Monday, June 24, 2013

Adventures in Iceland: Volcanoes, Geysers, Hot Springs, Boiling Mud and More


Courtesy Bill Large
Just as we were about to wing our way to Iceland to start a two-year tour of duty in 1972, my mother-in-law sent a clipping from her local newspaper — an island had just disappeared off the coast of Iceland. Oh dear. An entire island. I mentally crossed myself, hoping that Iceland itself would still be there when our plane touched down.

It was, of course. The island was born out of the sea eons ago due to a violent submarine explosion. It sits atop the mid-Atlantic rift and is the most volcanically active place on earth. Flows of lava regularly add to the land due to new eruptions both above and beneath the sea.  Wholly new islands, such as Surtsey in 1963, have been thrown up out of the ocean. On the other hand, numerous active volcanoes, such as Hekla and Katla, cover the island. Their recurrent eruptions have been recorded since the Norsemen arrived in the ninth century. Vatnajökull and Eyjafjallajökull of recent memory (2010) are examples of glacier-covered volcanoes, giving Iceland the name of the “Land of Ice and Fire.” Eruptions of these ice-capped volcanoes understandably lead to massive flooding.

 
The volcanic activity beneath Iceland’s surface naturally heats the water in the depths of the earth giving rise to spouting geysers, boiling mud, hot springs (of varying temperatures) and mystical looking steam rising from the land. In Iceland, this hot water is harnessed to heat homes and businesses, cultivate plants in hot houses, generate electricity, and even warm outdoor swimming pools to name a few.

Geysir at Hveragerði

According to an old brochure distributed by Icelandair in the early ‘70’s, Iceland a World of Difference, “There are more than 700 natural hot springs in Iceland, either boiling or warm, down by the seaside, up in the valleys, or high in the ice fields themselves . . . The most famous and remarkable of all the hotsprings is the Great Geysir (Gusher), which spouts a column of boiling water and steam to a height of more than 150 feet.” Unfortunately, we never had a chance to see its spectacle, but did delight in the displays of other smaller ones.
Courtesy Bill Large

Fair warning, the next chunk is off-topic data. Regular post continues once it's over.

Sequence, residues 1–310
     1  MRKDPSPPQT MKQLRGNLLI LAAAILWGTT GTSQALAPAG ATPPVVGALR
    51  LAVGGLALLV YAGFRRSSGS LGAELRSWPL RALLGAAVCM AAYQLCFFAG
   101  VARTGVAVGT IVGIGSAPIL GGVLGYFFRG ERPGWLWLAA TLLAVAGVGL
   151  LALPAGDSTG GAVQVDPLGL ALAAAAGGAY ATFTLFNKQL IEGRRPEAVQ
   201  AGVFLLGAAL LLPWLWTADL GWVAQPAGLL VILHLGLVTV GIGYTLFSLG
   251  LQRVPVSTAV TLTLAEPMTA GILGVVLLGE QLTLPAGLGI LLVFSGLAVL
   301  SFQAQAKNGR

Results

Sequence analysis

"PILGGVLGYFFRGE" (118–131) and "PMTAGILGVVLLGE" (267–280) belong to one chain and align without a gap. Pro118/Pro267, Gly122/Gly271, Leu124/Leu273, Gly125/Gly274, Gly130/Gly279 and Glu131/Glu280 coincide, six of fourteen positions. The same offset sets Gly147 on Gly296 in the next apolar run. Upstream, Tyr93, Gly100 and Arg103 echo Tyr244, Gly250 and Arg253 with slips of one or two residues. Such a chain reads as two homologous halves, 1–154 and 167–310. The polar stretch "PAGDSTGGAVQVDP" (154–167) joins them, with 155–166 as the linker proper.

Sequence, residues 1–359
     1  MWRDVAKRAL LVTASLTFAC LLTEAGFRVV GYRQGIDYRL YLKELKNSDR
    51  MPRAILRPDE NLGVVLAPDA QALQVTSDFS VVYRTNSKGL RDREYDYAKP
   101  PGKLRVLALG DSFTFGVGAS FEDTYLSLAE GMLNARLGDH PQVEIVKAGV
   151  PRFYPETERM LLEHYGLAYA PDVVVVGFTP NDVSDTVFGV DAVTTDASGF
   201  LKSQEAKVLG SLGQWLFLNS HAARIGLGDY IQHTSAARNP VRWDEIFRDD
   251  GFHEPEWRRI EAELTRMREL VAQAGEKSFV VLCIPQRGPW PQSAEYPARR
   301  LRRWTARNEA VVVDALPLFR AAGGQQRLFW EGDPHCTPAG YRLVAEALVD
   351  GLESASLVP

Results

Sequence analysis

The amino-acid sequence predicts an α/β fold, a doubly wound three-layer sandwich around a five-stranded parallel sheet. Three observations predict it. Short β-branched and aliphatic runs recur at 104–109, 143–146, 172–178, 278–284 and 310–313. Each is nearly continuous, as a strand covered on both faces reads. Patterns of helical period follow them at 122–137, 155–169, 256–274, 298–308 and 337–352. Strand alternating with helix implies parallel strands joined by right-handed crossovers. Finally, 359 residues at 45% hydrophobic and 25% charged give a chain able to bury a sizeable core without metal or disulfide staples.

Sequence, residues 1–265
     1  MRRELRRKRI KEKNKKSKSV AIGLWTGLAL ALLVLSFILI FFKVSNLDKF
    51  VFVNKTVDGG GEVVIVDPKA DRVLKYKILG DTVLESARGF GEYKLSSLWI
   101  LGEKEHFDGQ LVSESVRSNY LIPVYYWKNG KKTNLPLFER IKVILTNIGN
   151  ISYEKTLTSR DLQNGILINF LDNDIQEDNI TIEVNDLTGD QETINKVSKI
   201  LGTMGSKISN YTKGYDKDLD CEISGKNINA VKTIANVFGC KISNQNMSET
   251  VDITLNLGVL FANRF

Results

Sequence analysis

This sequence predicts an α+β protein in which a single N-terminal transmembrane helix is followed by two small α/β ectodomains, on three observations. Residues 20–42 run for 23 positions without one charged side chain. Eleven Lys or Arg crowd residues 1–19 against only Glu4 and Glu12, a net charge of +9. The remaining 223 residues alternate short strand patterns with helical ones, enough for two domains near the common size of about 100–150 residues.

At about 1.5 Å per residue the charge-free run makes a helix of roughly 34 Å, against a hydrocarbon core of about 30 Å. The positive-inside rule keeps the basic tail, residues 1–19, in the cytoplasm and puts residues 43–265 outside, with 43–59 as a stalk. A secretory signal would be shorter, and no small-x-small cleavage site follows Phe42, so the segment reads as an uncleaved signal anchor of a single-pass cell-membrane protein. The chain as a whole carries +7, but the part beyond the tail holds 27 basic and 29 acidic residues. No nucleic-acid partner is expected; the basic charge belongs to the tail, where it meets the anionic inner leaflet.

Eden, Hveragerði’s Greenhouse and Gift Shop for Tourists 1973
(Mr. KK holding our toddler, center)
 
One area of hot spring activity not far from the capital of Reykavík is Hveragerði. Here the steam is used to heat numerous tropical greenhouses where flowers, fruits and vegetables are grown – even bananas and grapes. We used to enjoy visiting the wonderful gift shop, Eden, there and indulging in goodies at the snack bar, as well as coming away with plants and “glitware” — pottery to which “glit,” or solidified volcanic ash particles, had been decoratively applied to the exterior. These lovely items were handled with care as the “glit” (small jagged bits of rock, minerals and volcanic glass) was a bit sharp to the touch. 

The kids having fun at Eden Gift Shop, Hveragerði 1974
 Sadly, Eden burned down, July 22, 2011.
 
Camping at Lake Mývatyn with Bill & Anna
One of our camping adventures took us and our good friends, Bill and Anna Large, to the north of Iceland and to Lake Mývatn, another area of hot spring activity.  We were all utterly captivated by the breathtaking panorama of the lake and its geological features. It was formed several thousand years ago during a volcanic eruption when molten lava was spewed into the lake creating bizarre columns and strange shapes of basalt.


Lake Mývatyn
We camped toward evening looking out on the lake, grilled dinner, enjoyed the camaraderie of our friends, and thought how perfect a spot this was and that we must come again. But, when we poked our heads out of our tents the next morning, we were beset by a black cloud of a kazillion little midges. They were in our eyes, our mouths, absolutely everywhere. We stuffed our panicked kids into the car, tore down the tents as fast as we could and headed into the town of Akureyri. We later learned that Mývatn translates to “fly (midge) lake”!


Lake Mývatyn
For a timeline of volcanic eruptions in Iceland dating back to approximately 900 A. D. visit:


To view current information on Iceland’s individual volcanoes — the scale of their activity or dormancy, including live webcam’s of each — visit:

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